Security, Middle East
Americans should be pleased that the Russians are now being drawn into what could prove to be a long and costly effort to “do something” in the Middle East.
Remember the days when any sign of growing tensions in the Middle East, not to mention a new act of violence involving Arabs and Israelis, would have immediately triggered pressure on Washington to “do something” as soon as possible.
Doing nothing, U.S. officials were warned, could risk a full-blown regional war, outside intervention by global adversaries, oil embargoes, the collapse of pro-American Arab regimes, the survival of Israel, and perhaps even the end of the world as we know it.
As the rest of the nation’s international and domestic problems would be placed on the policy backburner, the U.S. president would make urgent phone calls to Middle Eastern leaders, as he and the rest of Washington would consider sending the Marines, dispatching American envoys to the Middle East, launching another “peace process” and perhaps even convening another “peace conference.”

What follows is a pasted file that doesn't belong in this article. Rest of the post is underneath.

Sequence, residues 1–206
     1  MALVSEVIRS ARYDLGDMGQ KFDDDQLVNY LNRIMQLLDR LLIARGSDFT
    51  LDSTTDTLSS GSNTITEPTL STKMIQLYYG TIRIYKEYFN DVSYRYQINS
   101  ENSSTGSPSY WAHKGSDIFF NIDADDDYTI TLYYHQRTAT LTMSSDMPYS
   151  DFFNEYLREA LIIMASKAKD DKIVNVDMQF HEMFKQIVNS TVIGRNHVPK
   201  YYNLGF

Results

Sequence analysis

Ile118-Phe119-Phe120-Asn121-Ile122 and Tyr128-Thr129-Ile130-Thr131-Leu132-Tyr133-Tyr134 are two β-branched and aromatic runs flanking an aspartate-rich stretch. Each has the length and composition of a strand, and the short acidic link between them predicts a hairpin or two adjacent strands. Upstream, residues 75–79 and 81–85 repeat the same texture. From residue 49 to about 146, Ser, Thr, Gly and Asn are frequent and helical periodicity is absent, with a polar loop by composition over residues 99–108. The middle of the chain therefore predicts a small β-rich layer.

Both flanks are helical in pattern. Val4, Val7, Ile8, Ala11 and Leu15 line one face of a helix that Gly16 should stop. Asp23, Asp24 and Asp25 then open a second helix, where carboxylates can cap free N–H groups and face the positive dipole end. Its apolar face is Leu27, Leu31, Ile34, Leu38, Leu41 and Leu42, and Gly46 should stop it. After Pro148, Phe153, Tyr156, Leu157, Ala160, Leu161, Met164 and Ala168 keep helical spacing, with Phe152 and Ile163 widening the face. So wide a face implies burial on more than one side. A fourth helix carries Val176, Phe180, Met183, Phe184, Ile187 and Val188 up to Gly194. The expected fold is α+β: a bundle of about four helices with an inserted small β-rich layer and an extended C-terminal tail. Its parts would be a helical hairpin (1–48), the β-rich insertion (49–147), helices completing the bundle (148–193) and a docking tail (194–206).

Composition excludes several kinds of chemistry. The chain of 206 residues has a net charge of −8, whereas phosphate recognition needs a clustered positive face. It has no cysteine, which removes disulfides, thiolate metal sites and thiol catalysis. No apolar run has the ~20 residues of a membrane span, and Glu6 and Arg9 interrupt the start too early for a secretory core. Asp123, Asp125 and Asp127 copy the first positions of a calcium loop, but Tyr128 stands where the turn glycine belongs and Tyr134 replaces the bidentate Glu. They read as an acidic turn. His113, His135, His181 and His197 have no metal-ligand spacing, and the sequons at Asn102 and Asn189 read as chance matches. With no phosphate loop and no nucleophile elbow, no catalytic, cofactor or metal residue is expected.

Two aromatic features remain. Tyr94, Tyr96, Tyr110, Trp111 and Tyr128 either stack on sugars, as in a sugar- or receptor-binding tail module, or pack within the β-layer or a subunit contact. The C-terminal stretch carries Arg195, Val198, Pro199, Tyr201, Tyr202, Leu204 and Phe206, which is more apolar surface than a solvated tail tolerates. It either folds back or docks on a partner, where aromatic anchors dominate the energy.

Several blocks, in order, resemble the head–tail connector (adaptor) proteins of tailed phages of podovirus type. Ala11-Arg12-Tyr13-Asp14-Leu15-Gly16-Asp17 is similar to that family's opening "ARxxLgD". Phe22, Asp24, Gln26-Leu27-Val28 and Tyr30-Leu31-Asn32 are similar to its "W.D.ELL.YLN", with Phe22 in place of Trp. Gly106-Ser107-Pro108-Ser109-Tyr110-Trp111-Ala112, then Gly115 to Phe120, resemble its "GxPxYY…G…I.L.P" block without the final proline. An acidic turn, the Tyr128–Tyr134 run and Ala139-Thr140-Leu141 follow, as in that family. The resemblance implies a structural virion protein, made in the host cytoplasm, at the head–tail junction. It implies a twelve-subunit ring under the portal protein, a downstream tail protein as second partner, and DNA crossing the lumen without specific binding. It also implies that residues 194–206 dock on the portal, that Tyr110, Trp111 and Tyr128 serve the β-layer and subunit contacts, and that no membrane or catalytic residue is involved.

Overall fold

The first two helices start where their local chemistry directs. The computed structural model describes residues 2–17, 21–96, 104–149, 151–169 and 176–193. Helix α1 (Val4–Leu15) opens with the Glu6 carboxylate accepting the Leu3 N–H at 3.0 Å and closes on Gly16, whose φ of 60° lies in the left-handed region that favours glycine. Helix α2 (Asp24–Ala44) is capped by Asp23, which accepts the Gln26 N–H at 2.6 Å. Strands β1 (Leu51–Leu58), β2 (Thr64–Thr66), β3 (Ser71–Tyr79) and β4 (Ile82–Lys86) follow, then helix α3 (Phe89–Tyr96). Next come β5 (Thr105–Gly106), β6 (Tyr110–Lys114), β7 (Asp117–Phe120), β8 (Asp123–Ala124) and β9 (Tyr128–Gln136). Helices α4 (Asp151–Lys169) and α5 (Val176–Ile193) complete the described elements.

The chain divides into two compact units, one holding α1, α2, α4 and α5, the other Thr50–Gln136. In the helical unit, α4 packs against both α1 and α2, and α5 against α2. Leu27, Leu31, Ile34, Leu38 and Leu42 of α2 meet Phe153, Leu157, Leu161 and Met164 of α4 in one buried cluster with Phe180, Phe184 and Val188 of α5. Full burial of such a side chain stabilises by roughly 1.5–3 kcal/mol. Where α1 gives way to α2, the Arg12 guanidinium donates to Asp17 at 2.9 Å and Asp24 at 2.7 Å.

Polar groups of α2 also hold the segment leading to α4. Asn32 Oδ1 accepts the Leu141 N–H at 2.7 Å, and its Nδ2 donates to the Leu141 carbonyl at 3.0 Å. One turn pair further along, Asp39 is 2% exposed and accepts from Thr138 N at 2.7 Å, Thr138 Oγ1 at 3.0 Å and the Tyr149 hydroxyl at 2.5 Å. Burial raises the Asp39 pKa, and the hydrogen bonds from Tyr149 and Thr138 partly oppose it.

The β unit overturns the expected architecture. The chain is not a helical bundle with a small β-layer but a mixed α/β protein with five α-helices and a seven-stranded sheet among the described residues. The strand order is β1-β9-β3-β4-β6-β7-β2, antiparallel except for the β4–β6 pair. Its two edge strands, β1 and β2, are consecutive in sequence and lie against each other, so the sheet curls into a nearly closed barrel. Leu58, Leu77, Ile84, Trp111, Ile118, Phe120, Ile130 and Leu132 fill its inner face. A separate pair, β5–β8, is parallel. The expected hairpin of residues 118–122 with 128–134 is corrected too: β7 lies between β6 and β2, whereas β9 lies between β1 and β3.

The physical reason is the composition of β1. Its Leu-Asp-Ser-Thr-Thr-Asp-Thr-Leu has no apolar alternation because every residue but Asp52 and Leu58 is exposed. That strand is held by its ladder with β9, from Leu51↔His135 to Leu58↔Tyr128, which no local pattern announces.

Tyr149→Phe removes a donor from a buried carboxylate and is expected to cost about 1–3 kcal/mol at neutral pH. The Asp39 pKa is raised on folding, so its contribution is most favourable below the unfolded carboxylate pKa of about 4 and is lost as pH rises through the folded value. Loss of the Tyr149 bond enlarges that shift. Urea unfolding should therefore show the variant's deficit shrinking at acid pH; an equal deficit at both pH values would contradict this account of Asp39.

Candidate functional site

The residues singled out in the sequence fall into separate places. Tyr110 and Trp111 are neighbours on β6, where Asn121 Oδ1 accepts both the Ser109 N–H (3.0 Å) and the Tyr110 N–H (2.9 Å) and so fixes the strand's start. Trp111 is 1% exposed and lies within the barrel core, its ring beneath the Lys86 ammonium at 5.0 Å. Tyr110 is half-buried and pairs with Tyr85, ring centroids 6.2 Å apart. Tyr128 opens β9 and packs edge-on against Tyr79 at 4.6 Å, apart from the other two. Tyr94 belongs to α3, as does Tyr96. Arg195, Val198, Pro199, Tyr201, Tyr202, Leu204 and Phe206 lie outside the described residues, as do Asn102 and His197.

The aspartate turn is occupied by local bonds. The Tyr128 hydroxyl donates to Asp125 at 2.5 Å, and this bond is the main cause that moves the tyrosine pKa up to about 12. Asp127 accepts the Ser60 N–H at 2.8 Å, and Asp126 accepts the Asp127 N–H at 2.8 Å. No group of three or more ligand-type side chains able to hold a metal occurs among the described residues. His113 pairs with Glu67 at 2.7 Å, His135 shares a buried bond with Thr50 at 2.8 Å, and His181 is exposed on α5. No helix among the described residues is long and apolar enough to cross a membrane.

This kind of American diplomatic hyperactivity in the Middle East would be followed by the deployment of U.S. peacekeeping troops and the provision of huge financial assistance packages, with the Americans being drawn into never-ending efforts to resolve unresolvable conflicts, continuing to raise the costs of U.S. intervention in the Middle East.
And you could always count on America’s European allies, in another demonstration of their free-riding on American power, to press the United States to “do something” and then criticize Washington’s policies as a way of pandering to the Middle Easterners (“See, we aren’t as pro-Israeli as the Americans”).
Hence, what started as the Israeli plan to do regime change in Beirut and oust the Palestinian Liberation Organization from Lebanon in 1982, forced the Reagan administration to intervene directly in the Lebanese civil war, including by deploying American peacekeepers. That, in turn, resulted in the killing of 241 U.S. peacekeepers and fifty-eight French peacekeepers by terrorists with ties to Iran—and to a humiliating American withdrawal from Lebanon.
More recently in 2006, when then Secretary of State Condoleezza Rice was in Malaysia, attending a major security forum hosted by its allies in Southeast Asia, the trip to Kuala Lumpur proved to be nothing more than a short stopover in between her extensive and more important efforts to deal with the mounting violence in the Middle East.